2. Create Future History And Make
Performance Anxiety A Thing Of The Past
We are very good at imagining everything going wrong when we perform. We are great at asking questions like “what if I forget my words”, “what if I crack that high note”, “what if everyone hates me!” This is called Creating Future History. You are literally rehearsing what the future will be like for you, which then becomes the history with which to prove how you’re not good enough. It’s an endless and vicious cycle.
Your marvellous brains’ job is to answer any question you ask it. It doesn’t care about WHAT you ask it, it will just show you, through images in your imagination, all the possible outcomes of the question you ask it.
And even worse, your physical body starts to respond as if those things are actually happening. Your blood pressure rises, your heart rate increases, your breathing becomes shallow. You are already rehearsing everything that can go wrong before you’re even on stage. NOT GOOD!
What you’re you’re doing is allowing your mind to work on automatic, and then you become a slave to the emotions those thoughts ignite within you.
I invite you to make a conscious effort to start to ask yourself different questions. Start by asking yourself “what if I am actually a great performer?”, “what if I’m word perfect?” and “what if the audience really warm to me and like me?”
When you ask these questions allow your mind to show you those answers instead. Allow your imagination to run wild with the possibilities. Relish in the day dream and just smile. This is just an introduction to Creating Future History. For the full instructions in a free PDF I created for you that takes you step by step through the Creating Future History process just finish reading this article and you’ll find it at the end.
3.Self Development For Singers
Sorry to break it to you, but a million singing lessons won’t get you to where you want to be if you do not do some form of emotional and psychological internal self-development work. Your problem is not your voice as much as it is your mind. And the mind of the singer is an interesting one. You overthink… ALOT. You even overthink your overthinking. And then you overthink that.
You see, it’s not your voice that controls your voice. It’s your mind that controls your voice. If you can understand this ONE powerful thing, and start to develop your belief systems, heal your wounds from the past and harness your inner power and confidence, it is my promise to you that your voice will begin to do things you never imagined possible, without even doing voice exercises. NOTE: I am NOT advising you skip your exercises. Quite the opposite. You will get much more benefit from them when you sort out your mind.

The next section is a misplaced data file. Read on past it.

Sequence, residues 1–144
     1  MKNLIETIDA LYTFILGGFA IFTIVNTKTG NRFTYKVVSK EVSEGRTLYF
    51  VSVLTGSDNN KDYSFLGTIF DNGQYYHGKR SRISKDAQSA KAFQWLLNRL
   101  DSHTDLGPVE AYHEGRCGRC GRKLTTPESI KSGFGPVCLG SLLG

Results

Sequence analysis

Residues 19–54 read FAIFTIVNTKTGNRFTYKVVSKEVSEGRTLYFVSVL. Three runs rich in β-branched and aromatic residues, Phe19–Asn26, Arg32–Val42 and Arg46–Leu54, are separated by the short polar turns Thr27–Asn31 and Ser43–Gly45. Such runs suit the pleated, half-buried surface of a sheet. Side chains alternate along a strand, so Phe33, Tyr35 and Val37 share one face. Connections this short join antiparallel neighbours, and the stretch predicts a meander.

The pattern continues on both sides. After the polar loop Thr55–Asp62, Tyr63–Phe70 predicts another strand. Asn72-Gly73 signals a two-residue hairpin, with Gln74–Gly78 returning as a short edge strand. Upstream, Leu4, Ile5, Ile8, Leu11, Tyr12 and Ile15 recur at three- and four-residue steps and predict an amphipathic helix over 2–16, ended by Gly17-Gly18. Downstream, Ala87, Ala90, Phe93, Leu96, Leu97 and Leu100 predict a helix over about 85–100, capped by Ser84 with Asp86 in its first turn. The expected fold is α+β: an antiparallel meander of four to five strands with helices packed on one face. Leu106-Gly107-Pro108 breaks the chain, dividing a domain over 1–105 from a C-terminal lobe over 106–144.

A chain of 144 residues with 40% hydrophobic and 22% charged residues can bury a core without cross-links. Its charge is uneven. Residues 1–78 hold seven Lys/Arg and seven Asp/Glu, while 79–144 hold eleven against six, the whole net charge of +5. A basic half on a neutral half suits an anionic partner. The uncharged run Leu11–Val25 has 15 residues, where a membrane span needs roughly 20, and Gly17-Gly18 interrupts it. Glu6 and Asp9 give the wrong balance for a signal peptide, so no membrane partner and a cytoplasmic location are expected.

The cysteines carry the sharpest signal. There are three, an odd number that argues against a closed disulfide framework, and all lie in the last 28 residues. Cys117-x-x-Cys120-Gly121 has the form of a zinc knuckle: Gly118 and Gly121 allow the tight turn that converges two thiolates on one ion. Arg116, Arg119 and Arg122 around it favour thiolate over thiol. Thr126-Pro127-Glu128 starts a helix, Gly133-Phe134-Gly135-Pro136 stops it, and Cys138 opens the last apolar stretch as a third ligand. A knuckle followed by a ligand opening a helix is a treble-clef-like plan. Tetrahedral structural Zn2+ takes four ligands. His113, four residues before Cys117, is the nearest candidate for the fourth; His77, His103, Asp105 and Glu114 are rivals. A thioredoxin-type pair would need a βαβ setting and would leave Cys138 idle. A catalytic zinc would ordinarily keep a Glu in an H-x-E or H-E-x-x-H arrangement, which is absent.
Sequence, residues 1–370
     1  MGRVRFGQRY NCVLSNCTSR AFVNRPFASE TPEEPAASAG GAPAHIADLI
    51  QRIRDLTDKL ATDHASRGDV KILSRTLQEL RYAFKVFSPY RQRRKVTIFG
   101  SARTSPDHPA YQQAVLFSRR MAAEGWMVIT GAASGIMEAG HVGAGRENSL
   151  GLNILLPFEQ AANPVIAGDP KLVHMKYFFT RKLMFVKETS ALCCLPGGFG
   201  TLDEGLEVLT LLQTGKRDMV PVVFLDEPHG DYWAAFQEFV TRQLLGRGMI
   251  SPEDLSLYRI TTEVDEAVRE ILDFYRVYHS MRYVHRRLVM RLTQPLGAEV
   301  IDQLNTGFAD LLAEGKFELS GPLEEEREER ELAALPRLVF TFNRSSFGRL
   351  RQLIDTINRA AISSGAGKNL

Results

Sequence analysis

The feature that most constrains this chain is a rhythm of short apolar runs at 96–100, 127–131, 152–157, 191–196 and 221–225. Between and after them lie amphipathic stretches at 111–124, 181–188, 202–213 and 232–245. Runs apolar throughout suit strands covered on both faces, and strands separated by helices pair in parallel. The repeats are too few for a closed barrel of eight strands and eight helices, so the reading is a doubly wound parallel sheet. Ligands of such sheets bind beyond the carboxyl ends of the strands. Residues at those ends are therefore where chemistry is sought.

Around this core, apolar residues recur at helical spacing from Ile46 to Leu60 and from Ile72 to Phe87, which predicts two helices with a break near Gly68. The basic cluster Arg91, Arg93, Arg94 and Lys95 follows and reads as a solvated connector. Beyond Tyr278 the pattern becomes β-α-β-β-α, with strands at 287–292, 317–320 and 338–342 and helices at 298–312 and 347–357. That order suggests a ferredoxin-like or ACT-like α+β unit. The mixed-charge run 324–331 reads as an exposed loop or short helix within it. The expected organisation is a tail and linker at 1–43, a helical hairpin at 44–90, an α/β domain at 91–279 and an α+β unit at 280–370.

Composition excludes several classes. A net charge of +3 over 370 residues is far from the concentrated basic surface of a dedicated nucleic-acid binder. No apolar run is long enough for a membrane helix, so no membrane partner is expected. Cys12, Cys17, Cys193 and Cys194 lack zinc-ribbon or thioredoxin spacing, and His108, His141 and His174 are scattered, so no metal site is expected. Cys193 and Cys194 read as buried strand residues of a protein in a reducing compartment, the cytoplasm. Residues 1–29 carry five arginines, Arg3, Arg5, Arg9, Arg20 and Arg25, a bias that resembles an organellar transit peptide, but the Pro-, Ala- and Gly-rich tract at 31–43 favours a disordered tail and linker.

I see this time and time and time and time and time and time again with the clients I work with. When we do the deep internal healing work around not feeling good enough, not feeling worthy of success, comparing self to others and the rest of it, the voice begins to open, release and work in an entirely new way.
Suddenly the subconscious mind learns that it is safe to sing and that nothing bad is going to happen. And then it does everything in its power to support you to do what you love…
To sing, and to sing well. To step on stage when and where it matters and put in your best performance.
To step off stage and feel good about yourself. To tell yourself what went well. And to have a healthy relationship with positive self reflection instead of criticism and judgement.
To feel good enough and like you deserve to be heard.
Press the button below to download your guide to “Creating Future History” a step by step guide to powerful visualisation, so you can change your singing, your career and your life for the better.